Welcome to the final instalment of this series on how recovery can enable us to progress how we do information security.
We’ve seen how we can get proactive, shift focus and resource towards that approach thanks to the safety net of recovery, use Digital Twins to tackle some of our toughest legacy challenges and to accelerate forensics, what the regulatory considerations are, how speed really matters, and much more.
Most of these capabilities have one particular caveat though: Your recovery capability needs to be good. It must work well at recovering your business processes in the real world. All of them. You cannot work towards implementing a proactive programme tomorrow if you aren’t confident in your ability to recover today. The distraction will consume you.
And this is where we address the more traditional or conventional aspects of backups and recovery. You may recall that one of the first things I said in this series was that I was not an expert in storage and recovery. Fortunately, there’s plenty of best practices out there for us to work from.
And this being 2023, what blog wouldn’t be complete without us asking ChatGPT a few things? Let’s have a little fun with our favourite artificial friend and get their thoughts on recovery:
Organisations rely heavily on digital data and systems to run their operations. Losing this data due to system failure, cyberattacks, or natural disasters can have a devastating impact on the organisation's ability to function. Therefore, it is essential for organisations to have an effective backup and recovery plan in place.
Well thanks for that, Captain Obvious. So how do we achieve that? What’s the process?
1. Identify critical data and systems.
The first step in planning for effective backups and recovery is to identify the critical data and systems. Not all data and systems are equally important to the organisation. Therefore, it is essential to identify the critical data and systems that need to be backed up and prioritised for recovery in case of a disaster.
Organisations can use the following criteria to identify critical data and systems:
• Importance to business operations: Identify the data and systems that are essential for business operations. This could include customer data, financial data, inventory data, and other data that are crucial to the organisation's day-to-day operations.
• Regulatory requirements: Identify the data and systems that are required by law or regulation. For example, the organisation may be required to keep certain financial data for a specific period of time.
• Recovery time objective (RTO): Identify the data and systems that have a short RTO. RTO is the maximum amount of time that an organisation can afford to be without a system or data before it starts to impact business operations.
• Recovery point objective (RPO): Identify the data and systems that have a short RPO. RPO is the maximum amount of data loss that an organisation can afford in case of a disaster.
Ok, that sounds pretty decent, applying long-established common-sense principles. Though it’s important to note that just because the IT supporting a process is down doesn’t mean it can’t be done manually. And it’s not just how quickly something starts having an impact, but how big. The $10,000,000 impact at midnight due toa failed batch job is a bigger worry to me than the $10 per minute we’re losing on some live activity, for example! So do consider those things in your prioritisation. Sounds basic but I’ve seen this not done properly in a number of cases.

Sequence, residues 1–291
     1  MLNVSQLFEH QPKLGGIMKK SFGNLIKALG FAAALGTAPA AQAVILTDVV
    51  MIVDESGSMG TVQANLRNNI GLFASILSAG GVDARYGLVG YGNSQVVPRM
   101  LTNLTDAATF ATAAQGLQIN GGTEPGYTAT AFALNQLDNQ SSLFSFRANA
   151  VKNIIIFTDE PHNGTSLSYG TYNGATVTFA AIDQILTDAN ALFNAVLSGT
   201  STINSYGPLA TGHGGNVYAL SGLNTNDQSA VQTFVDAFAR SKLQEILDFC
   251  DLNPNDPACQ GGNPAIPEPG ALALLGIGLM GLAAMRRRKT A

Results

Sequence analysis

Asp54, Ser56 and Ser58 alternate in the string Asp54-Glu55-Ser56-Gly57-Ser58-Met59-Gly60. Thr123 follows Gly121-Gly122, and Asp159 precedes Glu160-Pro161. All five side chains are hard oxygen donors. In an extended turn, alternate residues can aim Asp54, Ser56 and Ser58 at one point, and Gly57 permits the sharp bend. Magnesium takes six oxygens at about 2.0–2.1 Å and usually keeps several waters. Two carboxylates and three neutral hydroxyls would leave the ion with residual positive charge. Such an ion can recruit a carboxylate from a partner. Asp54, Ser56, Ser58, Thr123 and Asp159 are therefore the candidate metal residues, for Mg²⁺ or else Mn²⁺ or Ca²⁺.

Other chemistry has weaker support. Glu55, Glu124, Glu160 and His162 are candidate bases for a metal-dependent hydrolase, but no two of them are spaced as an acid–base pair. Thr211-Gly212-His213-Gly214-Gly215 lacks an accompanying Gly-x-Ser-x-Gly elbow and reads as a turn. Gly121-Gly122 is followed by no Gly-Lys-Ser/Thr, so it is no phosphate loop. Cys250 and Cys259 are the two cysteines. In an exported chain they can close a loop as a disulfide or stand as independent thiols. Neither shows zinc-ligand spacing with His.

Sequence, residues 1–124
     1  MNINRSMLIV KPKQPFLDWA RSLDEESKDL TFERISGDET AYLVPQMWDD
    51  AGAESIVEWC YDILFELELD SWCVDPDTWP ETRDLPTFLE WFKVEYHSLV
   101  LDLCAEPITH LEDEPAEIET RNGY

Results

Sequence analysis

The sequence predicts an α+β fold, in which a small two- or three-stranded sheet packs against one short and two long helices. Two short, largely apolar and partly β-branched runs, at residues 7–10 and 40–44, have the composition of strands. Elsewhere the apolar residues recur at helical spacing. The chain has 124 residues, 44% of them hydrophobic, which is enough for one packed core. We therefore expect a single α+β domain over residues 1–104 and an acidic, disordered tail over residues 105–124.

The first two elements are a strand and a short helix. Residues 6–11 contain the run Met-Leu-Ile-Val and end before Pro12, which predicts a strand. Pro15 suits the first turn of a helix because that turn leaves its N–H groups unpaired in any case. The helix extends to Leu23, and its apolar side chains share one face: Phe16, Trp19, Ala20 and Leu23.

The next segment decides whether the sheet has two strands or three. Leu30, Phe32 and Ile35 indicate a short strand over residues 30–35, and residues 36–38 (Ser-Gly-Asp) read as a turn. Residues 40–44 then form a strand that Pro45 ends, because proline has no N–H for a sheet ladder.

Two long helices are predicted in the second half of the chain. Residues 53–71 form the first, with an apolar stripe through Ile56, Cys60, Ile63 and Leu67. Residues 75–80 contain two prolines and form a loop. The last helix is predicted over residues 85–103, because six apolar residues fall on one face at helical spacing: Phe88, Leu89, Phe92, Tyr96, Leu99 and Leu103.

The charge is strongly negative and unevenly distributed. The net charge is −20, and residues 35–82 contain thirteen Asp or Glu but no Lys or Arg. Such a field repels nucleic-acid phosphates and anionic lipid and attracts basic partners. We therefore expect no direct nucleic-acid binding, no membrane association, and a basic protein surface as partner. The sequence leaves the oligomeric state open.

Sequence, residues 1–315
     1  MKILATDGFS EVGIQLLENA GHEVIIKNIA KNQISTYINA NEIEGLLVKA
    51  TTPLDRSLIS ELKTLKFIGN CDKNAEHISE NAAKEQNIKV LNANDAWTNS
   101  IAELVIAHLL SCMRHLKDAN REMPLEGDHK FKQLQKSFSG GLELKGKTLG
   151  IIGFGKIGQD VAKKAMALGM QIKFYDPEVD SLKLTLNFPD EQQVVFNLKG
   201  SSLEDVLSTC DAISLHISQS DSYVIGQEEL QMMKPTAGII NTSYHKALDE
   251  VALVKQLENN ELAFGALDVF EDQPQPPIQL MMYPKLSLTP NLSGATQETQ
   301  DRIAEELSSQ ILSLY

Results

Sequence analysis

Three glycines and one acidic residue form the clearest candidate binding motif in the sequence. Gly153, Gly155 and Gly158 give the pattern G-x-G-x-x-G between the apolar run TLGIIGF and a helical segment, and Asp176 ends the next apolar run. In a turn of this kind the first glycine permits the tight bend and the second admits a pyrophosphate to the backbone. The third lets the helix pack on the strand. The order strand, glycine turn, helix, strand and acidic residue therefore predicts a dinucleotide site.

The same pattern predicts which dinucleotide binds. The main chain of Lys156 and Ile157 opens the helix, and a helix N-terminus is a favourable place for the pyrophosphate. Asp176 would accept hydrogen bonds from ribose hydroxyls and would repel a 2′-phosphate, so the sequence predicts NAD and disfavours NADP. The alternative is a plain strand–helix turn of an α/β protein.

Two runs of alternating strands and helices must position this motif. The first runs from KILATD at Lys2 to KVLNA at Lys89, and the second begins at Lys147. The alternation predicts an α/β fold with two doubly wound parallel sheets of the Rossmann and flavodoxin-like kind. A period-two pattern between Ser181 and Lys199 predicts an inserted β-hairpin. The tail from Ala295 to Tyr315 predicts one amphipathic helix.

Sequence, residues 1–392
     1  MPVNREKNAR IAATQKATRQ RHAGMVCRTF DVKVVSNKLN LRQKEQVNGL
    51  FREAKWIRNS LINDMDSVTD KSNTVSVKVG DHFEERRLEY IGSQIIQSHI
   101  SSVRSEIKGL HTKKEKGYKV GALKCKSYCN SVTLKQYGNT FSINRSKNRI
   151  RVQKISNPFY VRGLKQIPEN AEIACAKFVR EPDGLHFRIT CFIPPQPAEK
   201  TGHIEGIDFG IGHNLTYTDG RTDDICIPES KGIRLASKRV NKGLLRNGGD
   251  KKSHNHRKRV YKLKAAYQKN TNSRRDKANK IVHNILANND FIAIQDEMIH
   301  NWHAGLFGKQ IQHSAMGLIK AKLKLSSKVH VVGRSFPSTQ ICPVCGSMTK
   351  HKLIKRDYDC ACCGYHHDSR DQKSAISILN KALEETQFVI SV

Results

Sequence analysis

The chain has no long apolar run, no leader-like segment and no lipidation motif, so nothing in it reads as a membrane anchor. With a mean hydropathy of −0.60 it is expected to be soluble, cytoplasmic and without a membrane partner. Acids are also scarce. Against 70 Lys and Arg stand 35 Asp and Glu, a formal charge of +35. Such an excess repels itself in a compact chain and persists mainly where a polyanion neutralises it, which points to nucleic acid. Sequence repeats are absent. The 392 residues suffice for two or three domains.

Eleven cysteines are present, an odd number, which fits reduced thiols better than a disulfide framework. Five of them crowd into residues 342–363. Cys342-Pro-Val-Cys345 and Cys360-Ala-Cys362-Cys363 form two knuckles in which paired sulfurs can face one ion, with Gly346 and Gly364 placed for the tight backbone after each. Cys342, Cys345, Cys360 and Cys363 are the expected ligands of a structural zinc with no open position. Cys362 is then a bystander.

Another thing I would like to point out is how ChatGPT keeps bundling together “Data and Systems.”
When it comes to backups, I would personally advise focusing on the data first as there may not be a one-to-one correlation between data and systems, then the business process(es) they’re used in, then the systems supporting those processes.
When it comes to finding the data however, looking at the business process first is likely your best option. Experience tells me this is the best way because the business process dictates all.
That doesn’t mean it may not be collecting excess and unnecessary data. But that’s aseparate architectural (and possibly liability) issue beyond the scope of our discussion here.
Ok, next step?
2. Determine backup frequency and retention period.
Once the critical data and systems have been identified, the organisation needs to determine the backup frequency and retention period. Backup frequency refers to how often the data and systems are backed up, while retention period refers to how long the backup data is kept.
The backup frequency and retention period should be determined based on the criticality of the data and systems, RTO, and RPO. For example, if the critical data and systems have a short RTO and RPO, they should be backed up more frequently and kept for a longer retention period.
Organisations can use the following guidelines for determining backup frequency and retention period:
• Daily backup: For data and systems that are critical to business operations and have a short RTO and RPO, daily backups should be performed.